German conservatives appeal to voters with vow not to hike taxes

German Chancellor Angela Merkel's conservatives promised to cap the corporate tax rate and not raise wealth and inheritance taxes in an election programme intended to see off the fading challenge of their main Greens rivals, a draft reviewed by Reuters showed on Monday. The manifesto is in stark contrast to plans by the Greens to raise taxes on high-income individuals and the rich to fund a transition to a carbon-neutral economy and makes it more difficult for the two parties to form a coalition government after September's election. The conservatives have extended their lead over the Greens to about 8 points in opinion polls after a divisive battle over who should be their candidate to replace Merkel, who will step down as chancellor after a Sept. 26 federal election. Christian Democratic Union (CDU) leader Armin Laschet, who is now the frontrunner to become chancellor, hopes the election programme will cement the conservatives' recently regained lead over the Greens in opinion polls and secure victory in September. "We want to put the economy back on a growth path after the (coronavirus) pandemic and raising taxes would be the wrong way," Laschet told a joint news conference with Markus Soeder, leader of the CDU's Bavarian sister party, the Christian Social Union (CSU). Laschet and Soeder put on a show of unity after a bruising battle in April to be their parties' joint candidate for chancellor, in which the CDU leader eventually prevailed. The Greens surged ahead of the conservatives in late April after they picked Annalena Baerbock, 40, as their candidate to run for chancellor, with her promise of change capturing voters' imagination. read more But since then, a regional election setback, criticism over a Christmas bonus payment that Baerbock failed to declare to parliament and a suggestion that Germany should arm Ukraine have hurt the Greens. read more An INSA poll on Saturday put support for the CDU/CSU at 28%, ahead of the Greens on 20%. The left-leaning Social Democrats (SPD) were on 16%, the business-friendly Free Democrats (FDP) on 13%, the far-right Alternative for Germany (AfD) on 11% and the leftist Linke on 6%. The latest polls would not give the CDU/CSU enough support to form a coalition with the FDP, their favoured partner, but point to probably just enough support for a CDU/CSU coalition with the Greens, or a Greens-led tie-up with the SPD and FDP. The conservatives, which are expected to approve their election programme on Monday, want to cap the corporate tax rate at about 25% from just under 30% now.

German Chancellor Angela Merkel’s conservatives promised to cap the corporate tax rate and not raise wealth and inheritance taxes in an election programme intended to see off the fading challenge of their main Greens rivals, a draft reviewed by Reuters showed on Monday.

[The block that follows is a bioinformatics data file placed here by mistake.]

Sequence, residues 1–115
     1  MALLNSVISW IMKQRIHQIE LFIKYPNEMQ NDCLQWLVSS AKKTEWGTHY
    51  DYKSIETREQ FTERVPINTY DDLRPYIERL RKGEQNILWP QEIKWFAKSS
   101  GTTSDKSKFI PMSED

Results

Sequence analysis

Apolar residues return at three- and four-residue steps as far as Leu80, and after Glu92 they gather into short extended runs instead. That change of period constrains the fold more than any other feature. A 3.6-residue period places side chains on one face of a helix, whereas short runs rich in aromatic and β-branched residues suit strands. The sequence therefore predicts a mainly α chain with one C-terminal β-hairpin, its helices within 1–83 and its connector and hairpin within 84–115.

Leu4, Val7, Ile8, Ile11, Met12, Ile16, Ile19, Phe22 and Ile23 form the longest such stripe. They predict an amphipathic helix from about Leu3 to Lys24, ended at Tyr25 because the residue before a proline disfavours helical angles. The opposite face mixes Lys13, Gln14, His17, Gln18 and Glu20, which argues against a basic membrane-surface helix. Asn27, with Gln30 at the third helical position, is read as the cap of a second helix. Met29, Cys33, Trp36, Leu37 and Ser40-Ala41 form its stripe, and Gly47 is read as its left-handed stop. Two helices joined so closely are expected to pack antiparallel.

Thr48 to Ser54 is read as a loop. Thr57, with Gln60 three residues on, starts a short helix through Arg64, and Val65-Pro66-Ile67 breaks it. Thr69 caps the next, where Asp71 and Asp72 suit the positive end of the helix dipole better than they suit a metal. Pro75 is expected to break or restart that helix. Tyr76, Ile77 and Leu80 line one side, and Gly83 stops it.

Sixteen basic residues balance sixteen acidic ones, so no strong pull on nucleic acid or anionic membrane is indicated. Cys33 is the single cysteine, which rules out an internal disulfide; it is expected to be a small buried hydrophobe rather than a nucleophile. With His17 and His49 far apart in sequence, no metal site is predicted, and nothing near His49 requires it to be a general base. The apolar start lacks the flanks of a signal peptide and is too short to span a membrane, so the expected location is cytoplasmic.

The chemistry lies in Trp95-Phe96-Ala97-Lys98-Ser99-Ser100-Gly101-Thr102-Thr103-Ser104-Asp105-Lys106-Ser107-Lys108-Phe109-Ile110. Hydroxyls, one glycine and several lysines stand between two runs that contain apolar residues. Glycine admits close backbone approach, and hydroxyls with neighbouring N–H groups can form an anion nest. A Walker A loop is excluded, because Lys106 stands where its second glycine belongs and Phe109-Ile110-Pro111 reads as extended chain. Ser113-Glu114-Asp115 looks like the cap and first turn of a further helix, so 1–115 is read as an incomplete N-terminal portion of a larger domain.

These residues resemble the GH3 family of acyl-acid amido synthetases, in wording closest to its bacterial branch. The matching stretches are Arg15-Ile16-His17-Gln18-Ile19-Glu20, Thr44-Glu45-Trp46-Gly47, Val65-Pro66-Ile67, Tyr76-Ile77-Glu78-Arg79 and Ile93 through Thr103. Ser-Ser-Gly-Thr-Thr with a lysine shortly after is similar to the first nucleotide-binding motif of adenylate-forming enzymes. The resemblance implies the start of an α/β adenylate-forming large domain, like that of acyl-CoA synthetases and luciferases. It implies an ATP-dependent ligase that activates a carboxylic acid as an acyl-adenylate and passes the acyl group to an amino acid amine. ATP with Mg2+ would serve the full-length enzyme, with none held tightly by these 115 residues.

The manifesto is in stark contrast to plans by the Greens to raise taxes on high-income individuals and the rich to fund a transition to a carbon-neutral economy and makes it more difficult for the two parties to form a coalition government after September’s election.

The conservatives have extended their lead over the Greens to about 8 points in opinion polls after a divisive battle over who should be their candidate to replace Merkel, who will step down as chancellor after a Sept. 26 federal election.

Christian Democratic Union (CDU) leader Armin Laschet, who is now the frontrunner to become chancellor, hopes the election programme will cement the conservatives’ recently regained lead over the Greens in opinion polls and secure victory in September.

“We want to put the economy back on a growth path after the (coronavirus) pandemic and raising taxes would be the wrong way,” Laschet told a joint news conference with Markus Soeder, leader of the CDU’s Bavarian sister party, the Christian Social Union (CSU).

Laschet and Soeder put on a show of unity after a bruising battle in April to be their parties’ joint candidate for chancellor, in which the CDU leader eventually prevailed.

The Greens surged ahead of the conservatives in late April after they picked Annalena Baerbock, 40, as their candidate to run for chancellor, with her promise of change capturing voters’ imagination.

But since then, a regional election setback, criticism over a Christmas bonus payment that Baerbock failed to declare to parliament and a suggestion that Germany should arm Ukraine have hurt the Greens.

An INSA poll on Saturday put support for the CDU/CSU at 28%, ahead of the Greens on 20%. The left-leaning Social Democrats (SPD) were on 16%, the business-friendly Free Democrats (FDP) on 13%, the far-right Alternative for Germany (AfD) on 11% and the leftist Linke on 6%.

The latest polls would not give the CDU/CSU enough support to form a coalition with the FDP, their favoured partner, but point to probably just enough support for a CDU/CSU coalition with the Greens, or a Greens-led tie-up with the SPD and FDP.

The conservatives, which are expected to approve their election programme on Monday, want to cap the corporate tax rate at about 25% from just under 30% now.

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